One would have to read the study to determine how the US was graded with respect to each criterion. Certainly, experience over the last 2 months calls into question the results of the study, especially with respect to prevention, early detection and reporting, rapid response and mitigation, sufficient and robust health system.
 
  • #7
nomadreid
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experience over the last 2 months calls into question the results of the study, especially with respect to prevention, early detection and reporting, rapid response and mitigation, sufficient and robust health system.
Precisely the reason for which I started this thread!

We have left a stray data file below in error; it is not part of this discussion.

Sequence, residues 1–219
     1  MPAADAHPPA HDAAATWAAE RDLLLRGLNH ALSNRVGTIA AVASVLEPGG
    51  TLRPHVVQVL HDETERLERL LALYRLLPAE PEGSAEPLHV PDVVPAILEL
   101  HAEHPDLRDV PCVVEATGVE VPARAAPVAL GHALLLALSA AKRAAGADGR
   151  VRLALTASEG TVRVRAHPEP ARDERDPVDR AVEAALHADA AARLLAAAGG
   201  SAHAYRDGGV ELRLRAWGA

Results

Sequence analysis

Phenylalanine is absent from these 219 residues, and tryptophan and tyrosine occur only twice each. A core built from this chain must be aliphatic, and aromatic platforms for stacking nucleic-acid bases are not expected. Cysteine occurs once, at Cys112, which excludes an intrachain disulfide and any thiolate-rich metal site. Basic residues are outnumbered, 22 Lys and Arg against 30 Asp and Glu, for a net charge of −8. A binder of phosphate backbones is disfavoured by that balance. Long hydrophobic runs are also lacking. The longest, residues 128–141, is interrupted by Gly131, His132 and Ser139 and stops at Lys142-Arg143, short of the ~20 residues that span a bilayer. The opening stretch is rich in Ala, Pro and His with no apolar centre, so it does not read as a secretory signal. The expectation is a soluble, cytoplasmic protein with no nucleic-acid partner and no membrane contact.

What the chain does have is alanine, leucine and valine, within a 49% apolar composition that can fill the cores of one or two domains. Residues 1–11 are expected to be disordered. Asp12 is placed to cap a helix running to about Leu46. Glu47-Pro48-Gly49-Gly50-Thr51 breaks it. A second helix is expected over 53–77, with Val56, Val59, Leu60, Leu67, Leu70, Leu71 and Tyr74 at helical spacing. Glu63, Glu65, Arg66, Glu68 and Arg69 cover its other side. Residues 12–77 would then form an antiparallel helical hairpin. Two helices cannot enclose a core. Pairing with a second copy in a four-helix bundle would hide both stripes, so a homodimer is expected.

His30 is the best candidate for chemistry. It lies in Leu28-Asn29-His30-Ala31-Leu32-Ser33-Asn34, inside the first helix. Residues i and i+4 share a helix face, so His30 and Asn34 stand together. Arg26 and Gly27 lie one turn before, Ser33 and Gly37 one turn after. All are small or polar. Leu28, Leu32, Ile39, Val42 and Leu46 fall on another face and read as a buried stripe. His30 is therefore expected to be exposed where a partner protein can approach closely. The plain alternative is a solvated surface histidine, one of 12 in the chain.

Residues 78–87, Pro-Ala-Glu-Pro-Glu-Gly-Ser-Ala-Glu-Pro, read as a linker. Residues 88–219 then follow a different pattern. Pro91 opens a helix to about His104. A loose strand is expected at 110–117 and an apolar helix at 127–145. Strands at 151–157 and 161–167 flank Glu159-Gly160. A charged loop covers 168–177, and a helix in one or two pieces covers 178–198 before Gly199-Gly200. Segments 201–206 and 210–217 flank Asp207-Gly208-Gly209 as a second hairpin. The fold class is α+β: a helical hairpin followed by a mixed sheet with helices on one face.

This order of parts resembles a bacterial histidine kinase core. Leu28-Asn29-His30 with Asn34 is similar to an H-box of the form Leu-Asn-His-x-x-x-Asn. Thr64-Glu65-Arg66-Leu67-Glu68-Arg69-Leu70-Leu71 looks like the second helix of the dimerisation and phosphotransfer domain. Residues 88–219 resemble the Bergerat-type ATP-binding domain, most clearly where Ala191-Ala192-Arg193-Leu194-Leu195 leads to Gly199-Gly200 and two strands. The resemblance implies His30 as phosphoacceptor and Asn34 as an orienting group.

• #8
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Precisely the reason for which I started this thread!
The panickers have somewhat abated their zeal -- I can now buy bread, and regular-sized boxes of tissues and packs of napkins, although the branded bread and 'bathroom tissue' rolls are still swept off of the shelves at some stores. One store near me limited customers to no more than 2 loaves of bread, foregoing immediate profit, and I thought that was quite neighborly of them.
 
  • #9
nomadreid
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Oops, I do not know how I overlooked this on my first search. The study being referenced is to be found here https://www.ghsindex.org/wp-content/uploads/2019/10/2019-Global-Health-Security-Index.pdf.

I am afraid I am too used to mathematics and physics, so it may be my bias making it seem like the report is mainly numbers which are attached to hand-waving. That is why I am appealing to those in the medical field on this forum who do not share my bias to indicate to me whether, in light of recent events, the study is (still) considered valid.